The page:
We can put a man on the moon, build nano technology and we are on the brink of finding a cure for cancer and Aids but the college educated guys from Linkedin cannot find it within the realms of their intelligence to provide a simple way for their customers to downgrade their account.
I can just picture it now - the production meeting where the already rich guys behind Linkedin figure out exactly how much more money they are going to make. One eager employee stands up with a PowerPoint presentation with the following charts.
- How many people sign up for internet subscriptions and will forget about it.
- How many people will give up if you make it hard for them to cancel their subscription
- How much money they will make from the % of people who sign up who fall into the above category.
- How many cars you can buy with all that money.
I, obviously, am a disgruntled customer who has tried and failed on several occasions to cancel my Linkedin account. I filled in the online customer form several times. The clever guys at Linkedin made it so that you cant contact them directly so you have no record of any disputes. “What email? We never got that one?” they will ask when you argue with them.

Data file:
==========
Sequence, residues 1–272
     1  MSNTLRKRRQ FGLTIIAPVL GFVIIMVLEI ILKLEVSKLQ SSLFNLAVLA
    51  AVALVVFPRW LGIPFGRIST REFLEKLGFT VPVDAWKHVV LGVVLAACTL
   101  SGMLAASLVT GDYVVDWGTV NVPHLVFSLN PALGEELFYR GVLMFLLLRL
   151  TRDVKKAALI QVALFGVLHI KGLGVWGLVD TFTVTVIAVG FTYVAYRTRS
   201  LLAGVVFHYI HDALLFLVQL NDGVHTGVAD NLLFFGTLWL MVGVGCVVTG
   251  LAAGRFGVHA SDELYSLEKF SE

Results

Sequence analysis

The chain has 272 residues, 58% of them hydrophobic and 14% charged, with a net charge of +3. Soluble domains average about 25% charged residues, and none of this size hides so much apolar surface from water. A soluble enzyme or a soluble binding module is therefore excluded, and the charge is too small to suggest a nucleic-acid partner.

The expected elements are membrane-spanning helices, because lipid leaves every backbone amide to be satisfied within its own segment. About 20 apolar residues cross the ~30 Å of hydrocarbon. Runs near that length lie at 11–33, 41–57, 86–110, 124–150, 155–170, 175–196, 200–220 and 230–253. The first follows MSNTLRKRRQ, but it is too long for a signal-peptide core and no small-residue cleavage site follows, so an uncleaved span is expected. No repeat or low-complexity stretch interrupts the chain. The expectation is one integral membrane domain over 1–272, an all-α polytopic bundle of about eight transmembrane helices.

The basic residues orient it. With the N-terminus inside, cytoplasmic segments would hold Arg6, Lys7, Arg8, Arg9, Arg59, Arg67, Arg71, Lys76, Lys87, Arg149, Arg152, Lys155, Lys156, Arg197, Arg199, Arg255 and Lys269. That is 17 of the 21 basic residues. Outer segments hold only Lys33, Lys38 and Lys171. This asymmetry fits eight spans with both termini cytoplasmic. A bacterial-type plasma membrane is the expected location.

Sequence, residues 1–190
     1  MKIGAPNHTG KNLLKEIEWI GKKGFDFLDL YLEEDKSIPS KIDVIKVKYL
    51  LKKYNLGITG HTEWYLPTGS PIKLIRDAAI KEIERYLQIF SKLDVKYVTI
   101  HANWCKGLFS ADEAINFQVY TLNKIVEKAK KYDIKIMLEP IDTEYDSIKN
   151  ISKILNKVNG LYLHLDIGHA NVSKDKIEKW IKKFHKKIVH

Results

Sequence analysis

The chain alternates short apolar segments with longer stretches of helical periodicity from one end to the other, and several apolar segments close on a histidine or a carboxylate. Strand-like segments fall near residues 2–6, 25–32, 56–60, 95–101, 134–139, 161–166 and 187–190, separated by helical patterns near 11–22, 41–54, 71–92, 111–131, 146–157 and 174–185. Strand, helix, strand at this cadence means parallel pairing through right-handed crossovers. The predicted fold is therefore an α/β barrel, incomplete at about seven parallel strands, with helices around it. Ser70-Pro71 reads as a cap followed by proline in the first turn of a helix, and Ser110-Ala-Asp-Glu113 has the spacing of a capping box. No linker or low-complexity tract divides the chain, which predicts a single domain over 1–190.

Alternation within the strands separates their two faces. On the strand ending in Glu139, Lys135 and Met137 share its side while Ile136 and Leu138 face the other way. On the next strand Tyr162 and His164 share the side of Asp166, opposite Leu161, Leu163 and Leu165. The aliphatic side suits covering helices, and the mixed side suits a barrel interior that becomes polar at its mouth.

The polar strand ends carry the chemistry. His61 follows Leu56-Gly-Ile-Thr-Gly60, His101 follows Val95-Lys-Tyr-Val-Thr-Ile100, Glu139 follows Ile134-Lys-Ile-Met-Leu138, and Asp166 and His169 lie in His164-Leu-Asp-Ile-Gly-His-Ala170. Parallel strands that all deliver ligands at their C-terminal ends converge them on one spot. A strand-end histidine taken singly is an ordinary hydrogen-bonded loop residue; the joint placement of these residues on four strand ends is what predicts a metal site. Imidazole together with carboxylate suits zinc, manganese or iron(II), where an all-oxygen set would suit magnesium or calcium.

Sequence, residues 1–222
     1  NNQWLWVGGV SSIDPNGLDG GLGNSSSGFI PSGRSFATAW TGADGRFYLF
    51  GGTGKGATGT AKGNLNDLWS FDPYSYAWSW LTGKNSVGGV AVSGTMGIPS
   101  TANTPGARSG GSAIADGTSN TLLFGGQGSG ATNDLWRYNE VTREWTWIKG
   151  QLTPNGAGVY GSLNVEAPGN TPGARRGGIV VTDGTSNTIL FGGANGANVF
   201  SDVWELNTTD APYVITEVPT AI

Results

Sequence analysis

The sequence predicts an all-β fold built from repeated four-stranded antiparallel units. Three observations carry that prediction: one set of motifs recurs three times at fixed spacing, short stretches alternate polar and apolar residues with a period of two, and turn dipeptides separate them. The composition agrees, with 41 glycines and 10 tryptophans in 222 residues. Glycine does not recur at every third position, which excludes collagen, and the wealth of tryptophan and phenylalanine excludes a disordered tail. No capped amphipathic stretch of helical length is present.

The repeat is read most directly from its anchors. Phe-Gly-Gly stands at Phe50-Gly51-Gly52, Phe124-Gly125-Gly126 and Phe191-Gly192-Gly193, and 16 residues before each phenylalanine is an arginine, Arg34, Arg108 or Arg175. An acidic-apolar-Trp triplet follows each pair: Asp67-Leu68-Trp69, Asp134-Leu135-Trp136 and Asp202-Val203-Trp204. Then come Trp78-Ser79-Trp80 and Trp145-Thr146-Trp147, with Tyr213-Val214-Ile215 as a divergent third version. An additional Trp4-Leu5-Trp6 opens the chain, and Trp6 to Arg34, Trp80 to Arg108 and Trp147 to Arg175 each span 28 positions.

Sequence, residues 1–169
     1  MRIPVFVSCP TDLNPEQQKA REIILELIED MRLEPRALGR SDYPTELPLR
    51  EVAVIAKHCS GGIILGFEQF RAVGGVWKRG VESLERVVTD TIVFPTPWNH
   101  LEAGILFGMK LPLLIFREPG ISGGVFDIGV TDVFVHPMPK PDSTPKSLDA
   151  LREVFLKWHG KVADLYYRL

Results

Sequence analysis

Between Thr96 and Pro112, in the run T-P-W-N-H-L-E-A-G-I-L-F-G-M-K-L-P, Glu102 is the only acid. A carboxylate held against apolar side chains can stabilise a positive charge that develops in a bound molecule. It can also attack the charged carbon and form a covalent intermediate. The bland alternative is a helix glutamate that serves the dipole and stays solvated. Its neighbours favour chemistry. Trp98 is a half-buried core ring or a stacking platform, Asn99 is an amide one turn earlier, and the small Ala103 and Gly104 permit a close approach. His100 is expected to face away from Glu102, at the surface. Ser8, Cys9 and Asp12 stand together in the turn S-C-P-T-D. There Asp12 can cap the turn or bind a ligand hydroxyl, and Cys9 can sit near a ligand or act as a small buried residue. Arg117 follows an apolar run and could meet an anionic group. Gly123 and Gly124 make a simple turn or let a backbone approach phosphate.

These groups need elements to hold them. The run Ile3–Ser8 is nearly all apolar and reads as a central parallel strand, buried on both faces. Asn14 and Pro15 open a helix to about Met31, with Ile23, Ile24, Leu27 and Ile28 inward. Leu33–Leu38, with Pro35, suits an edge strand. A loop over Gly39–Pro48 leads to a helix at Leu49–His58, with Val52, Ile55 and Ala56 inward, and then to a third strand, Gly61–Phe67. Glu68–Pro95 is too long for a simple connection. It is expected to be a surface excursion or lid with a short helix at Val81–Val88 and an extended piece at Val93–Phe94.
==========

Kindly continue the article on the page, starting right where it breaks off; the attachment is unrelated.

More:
Now Mastercard informs me I am $200 poorer and Linkedin are $200 richer for a service which I only wanted to send one bloody email from and tried to cancel 3 times.
Well, I have a statistic for all the other disgruntled customers out there like me.
If 1% of Linkedin’s credit card transactions are disputed by their customers, Visa and Mastercard will close their account and will suspend Linkedin’s ability to take money from any credit cards for a very long time.
If you, like me, have been ripped off and ignored by Linkedin the please ensure you notify your credit card company and dispute your payment.